At an undisclosed restaurant in the Chicago area, Miso Robotics is already working to install the latest version of its Flippy robot. The robotic fry cook will be integrated with the company’s point of sale system so that the robot can begin preparation as soon as an order is taken at the register.

That first robot will be coming online in September, according to Richardson.

And Richardson said that White Castle employees don’t need to worry about a robot coming for all of their jobs… yet. 

“It’s going to save us money in food costs because there will be less waste,” said Richardson.  “The other savings will be in terms of output… that’s going to be helpful.. If you maintain speed of service that’s getting a little bit better and a little better you do see more visits… that’s where we see it having the biggest impact… we’re not looking at this as a way to reduce people power.” 

A typical installation of a Miso Robotics system in a kitchen would cost a restaurant $30,000 upfront and then another $15,000 per year. However, with White Castle, the terms (which were undisclosed) were a little different.

Jordan said the goal is to bring the cost of the robotic system down to $15,000 for the entire system, obviating the need for any upfront costs, and convincing restaurants and franchisors that the robot can pay for itself right out of the gate.

There’s a clear path to getting that down to 20K,” said Jordan. “I’m trying to chisel that down to 15K,… at that kind of price and these things have lifetimes of seven to ten years we can afford to take the loss upfront.”

The robots have taken on new significance in the post COVID-19 era as restaurants like White Castle become essential services even as they struggle to keep the lights on with fewer customers. 

At White Castle that meant pay cuts for executives in order to retain staff. “We cut a lot of investment and we didn’t want to lose one job,” Richardson said. However, even with the strategic cuts, the implementation of at least this first robotic system remained a priority.

“There were things that we thought, COVID or no COVID were important,” Richardson said. “This project falls under that banner.”

White Castle’s decision to pilot Flippy in the kitchen creates an avenue for reduced human contact with food during the cooking process – reducing potential for transmission of food pathogens. The implementation also brings intelligence to cooking, tapping into sensors, intelligent monitoring and anticipated kitchen needs to keep food temperatures consistent, that ensure optimal quality and a perfect bite for customers. With Flippy in the kitchen automating repetitive, time consuming and dangerous tasks like frying, team members can be redeployed to more customer-experience driven tasks.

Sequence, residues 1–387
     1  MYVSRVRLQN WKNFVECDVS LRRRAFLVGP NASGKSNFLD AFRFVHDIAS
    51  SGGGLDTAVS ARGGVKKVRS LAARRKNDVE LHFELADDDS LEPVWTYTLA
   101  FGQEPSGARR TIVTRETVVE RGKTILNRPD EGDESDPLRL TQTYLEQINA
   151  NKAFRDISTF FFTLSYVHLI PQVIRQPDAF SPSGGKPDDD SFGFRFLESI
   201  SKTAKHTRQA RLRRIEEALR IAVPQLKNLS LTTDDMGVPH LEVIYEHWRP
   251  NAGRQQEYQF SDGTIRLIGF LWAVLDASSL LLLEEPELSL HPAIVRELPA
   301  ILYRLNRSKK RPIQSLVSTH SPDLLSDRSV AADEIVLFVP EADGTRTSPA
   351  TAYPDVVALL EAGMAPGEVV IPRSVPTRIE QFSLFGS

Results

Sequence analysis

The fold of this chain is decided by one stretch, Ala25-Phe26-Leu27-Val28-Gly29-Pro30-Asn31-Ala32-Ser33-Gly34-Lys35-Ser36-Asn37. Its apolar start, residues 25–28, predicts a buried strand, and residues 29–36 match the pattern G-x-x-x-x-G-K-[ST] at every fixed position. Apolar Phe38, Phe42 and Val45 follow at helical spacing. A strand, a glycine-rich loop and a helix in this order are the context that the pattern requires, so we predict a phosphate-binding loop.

Image Credit: Miso Robotics

Mercato Partners just launched Savory, a $90 million fund focused on fueling fast-casual restaurant concepts

Mercato Partners, a 13-year-old, Salt Lake City, Utah-based investment firm that oversees a growth fund, a secondary investment fund and a venture fund, has launched yet another fund — this one a $90 million vehicle that the firm says will be used to invest in restaurant concepts that are gaining traction.

Its timing is interesting, given the devastating impacts of the coronavirus on the restaurant industry. Even so, deeper-pocketed chains have had a much easier time surviving the downturn according to the NPD Group, which tracks transactions for 70 quick-service, fast-casual and full-service restaurant chains.

Further, with as many as 30% of independent restaurants never expected to reopen their doors again, quick service restaurants that are already returning to pre-pandemic sales are poised to gather even more market share. (CNBC published related data on the restaurant industry’s recovery earlier this week that offers a fuller picture.)

Mercato’s new fund, dubbed Savory, is expected to provide initial checks to restaurant operators of $5 million to $10 million and to provide a host of services to fast fuel them, from advice about real estate to supply chain technologies to marketing. Indeed, the fund is being led by Mercato Managing Director Andrew Smith, who joined in late 2018 to help fundraise for the vehicle after spending a decade as CEO of Four Foods Group, a  restaurant development outfit that specialized in emerging brands and at one point oversaw 170 locations in 10 states.

Some of its brands have been folded into the new fund, in fact. Among them: the Hawaiian-themed restaurant chain Mo’ Bettahs, with three locations; the fast casual chain R&R BBQ, which has eight locations; and Swig, a chain of 22 soda bars throughout Utah.

Assuming its investments are tracking, Savory will also provide its portfolio companies up to $10 million in follow-on funding.

Mercato is far from the first investment outfit to join the fast-casual revolution. A number of growth investors has been actively backing newer brands, including KarpReilly, L. Catterton and Roark Capital.